8/2016 NOTE: This product is temporarly unavailable.
We can’t promise that you’ll have the perfect leeward mark rounding, but we can reduce the many excuses for why the spinnaker is functioning as a helicopter outside the bag as you’re headed upwind! Our new Pro Spinnaker Launching Bag is deep enough and slightly tapered at the bottom so the kite does not blow back out when you pack it in. The bag features battens on all four sides of the opening and a slight bottom taper to keep its shape. Made of all mesh, the bag measures 25″ fore and aft, 25″ from side to side and 30″ deep.
You can easily access and read your SI’s with a clear plastic pouch located on the front of the bag. And for those rainy days or failed launches, the pouch has a Dacron backing to keep the wet spinnaker seperate from your dry papers. Two mesh side pockets with Velcro closures securely hold your VHF radio or winch handles. Slots on the outside hold pens/pencils.
Check out the video above for a closer look at the APS Pro Spinnaker Launching Bag.
Incorporating a Spin Roller for an easier kite departure:
(An informative tip from Warren Richter in Customer Service)
A neat trick for making sure that the spinnaker goes up cleanly using our spinnaker bag is to create a spin roller. This will work on many keelboats such as a J22, J24, J80, or Melges 24. This can be installed on either the boat, or our new spin bag. In either case, you would need about 3 feet of 1/8” Amsteel blue, and 12-18” of both ½” and 1” PVC pipe. If installing on the boat, you would also need two eyestraps such as a H073.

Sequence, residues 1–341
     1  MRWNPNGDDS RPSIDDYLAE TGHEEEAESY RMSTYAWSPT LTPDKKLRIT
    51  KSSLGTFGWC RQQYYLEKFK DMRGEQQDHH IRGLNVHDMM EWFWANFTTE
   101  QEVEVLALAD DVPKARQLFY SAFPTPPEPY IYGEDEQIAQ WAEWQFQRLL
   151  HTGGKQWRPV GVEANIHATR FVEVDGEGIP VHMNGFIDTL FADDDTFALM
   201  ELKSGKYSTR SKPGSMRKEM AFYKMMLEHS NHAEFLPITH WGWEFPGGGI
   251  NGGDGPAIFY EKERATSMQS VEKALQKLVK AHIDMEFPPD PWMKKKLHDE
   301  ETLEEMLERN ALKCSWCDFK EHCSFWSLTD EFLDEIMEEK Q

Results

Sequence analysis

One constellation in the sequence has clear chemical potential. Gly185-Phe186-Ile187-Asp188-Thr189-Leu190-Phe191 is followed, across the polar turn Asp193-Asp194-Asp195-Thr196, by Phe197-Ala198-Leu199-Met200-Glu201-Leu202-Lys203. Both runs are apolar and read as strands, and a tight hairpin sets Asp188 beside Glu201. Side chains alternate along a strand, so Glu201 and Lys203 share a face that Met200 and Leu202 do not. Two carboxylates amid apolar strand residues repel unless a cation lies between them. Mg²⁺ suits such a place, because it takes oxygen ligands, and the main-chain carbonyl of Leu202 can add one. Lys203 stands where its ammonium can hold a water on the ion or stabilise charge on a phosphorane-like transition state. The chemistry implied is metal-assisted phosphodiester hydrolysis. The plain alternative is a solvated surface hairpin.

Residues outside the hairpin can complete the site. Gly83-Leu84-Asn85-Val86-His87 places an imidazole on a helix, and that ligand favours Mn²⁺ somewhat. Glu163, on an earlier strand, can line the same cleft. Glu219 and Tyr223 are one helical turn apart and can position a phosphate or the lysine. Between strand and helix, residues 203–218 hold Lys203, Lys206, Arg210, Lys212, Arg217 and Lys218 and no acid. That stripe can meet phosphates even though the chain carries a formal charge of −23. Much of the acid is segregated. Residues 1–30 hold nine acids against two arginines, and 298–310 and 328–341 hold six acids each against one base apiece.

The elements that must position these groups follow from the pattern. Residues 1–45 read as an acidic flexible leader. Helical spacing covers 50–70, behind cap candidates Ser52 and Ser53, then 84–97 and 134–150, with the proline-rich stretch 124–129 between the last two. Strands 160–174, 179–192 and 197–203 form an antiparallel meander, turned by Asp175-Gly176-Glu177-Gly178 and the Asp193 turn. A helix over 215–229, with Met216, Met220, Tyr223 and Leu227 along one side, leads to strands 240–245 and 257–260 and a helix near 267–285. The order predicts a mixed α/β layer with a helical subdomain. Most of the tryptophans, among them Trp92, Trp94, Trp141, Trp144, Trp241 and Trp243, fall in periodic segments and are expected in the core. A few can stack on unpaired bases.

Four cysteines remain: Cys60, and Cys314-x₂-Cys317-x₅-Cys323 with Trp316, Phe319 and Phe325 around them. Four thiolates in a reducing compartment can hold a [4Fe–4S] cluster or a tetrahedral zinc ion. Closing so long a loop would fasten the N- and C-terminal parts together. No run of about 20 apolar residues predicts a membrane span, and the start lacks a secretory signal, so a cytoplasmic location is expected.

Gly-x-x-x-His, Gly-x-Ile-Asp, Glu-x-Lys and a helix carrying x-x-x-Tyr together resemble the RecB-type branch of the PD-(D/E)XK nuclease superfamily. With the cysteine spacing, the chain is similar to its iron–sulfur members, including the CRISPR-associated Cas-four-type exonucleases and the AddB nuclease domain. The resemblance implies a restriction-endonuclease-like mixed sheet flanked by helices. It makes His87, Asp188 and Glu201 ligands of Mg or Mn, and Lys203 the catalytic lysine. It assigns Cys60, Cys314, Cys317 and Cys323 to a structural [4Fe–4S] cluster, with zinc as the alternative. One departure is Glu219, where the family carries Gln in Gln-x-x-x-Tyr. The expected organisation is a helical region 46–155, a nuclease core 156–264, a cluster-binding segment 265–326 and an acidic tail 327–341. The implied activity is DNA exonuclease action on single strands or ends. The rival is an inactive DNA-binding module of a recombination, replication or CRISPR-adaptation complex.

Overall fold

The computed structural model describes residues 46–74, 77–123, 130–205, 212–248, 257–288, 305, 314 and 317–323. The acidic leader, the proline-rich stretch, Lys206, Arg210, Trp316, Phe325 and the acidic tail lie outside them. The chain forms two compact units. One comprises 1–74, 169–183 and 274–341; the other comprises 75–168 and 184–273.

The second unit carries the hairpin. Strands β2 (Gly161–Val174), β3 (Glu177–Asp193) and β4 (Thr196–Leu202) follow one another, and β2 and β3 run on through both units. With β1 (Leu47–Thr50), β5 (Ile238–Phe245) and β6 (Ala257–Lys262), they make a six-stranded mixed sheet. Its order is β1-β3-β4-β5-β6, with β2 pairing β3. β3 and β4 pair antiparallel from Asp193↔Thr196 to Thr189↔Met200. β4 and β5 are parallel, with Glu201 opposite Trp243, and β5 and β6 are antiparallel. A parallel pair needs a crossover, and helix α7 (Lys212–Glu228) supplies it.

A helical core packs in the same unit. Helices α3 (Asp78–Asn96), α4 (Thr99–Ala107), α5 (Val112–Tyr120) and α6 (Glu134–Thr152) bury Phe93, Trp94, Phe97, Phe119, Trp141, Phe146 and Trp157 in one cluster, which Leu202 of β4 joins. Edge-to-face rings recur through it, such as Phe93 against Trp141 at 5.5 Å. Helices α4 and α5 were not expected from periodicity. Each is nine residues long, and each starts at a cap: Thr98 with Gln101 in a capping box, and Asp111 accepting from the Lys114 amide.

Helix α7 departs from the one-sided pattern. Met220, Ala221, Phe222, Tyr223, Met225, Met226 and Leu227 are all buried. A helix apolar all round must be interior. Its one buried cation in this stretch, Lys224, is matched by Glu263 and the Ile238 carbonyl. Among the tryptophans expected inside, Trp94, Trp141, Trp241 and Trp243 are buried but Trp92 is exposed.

To install on the bag you would punch two holes through the top lip of the bag above the batten at 45 degrees to the corner, typically in the port forward corner of the bag, as this will be most often the side you will be setting the spinnaker from if sailing windward leeward courses. One hole will be in the side of the bag towards the port side of the boat 12-18” back from the port forward corner of the bag, and one in the front of the bag 12-18” inches from the corner. Pass the smaller PVC through the larger PVC and then pass the Amsteel through the small PVC. Then put the Amsteel through the two holes that were just made and tie stopper knots on either side trying to get the Amsteel as tight as possible and you will have a spin roller.
The PVC will roll well on itself, but you can use something such as McLube Sailkote to keep everything running well. If you mount this to the boat, the eyestraps will mount in similar locations, just on the underside of the cabin house. Otherwise everything would be the same, but the roller should hang down just about ½” to 1” and not bump into the headliner of the boat.
Hope this helps, and Sail Fast!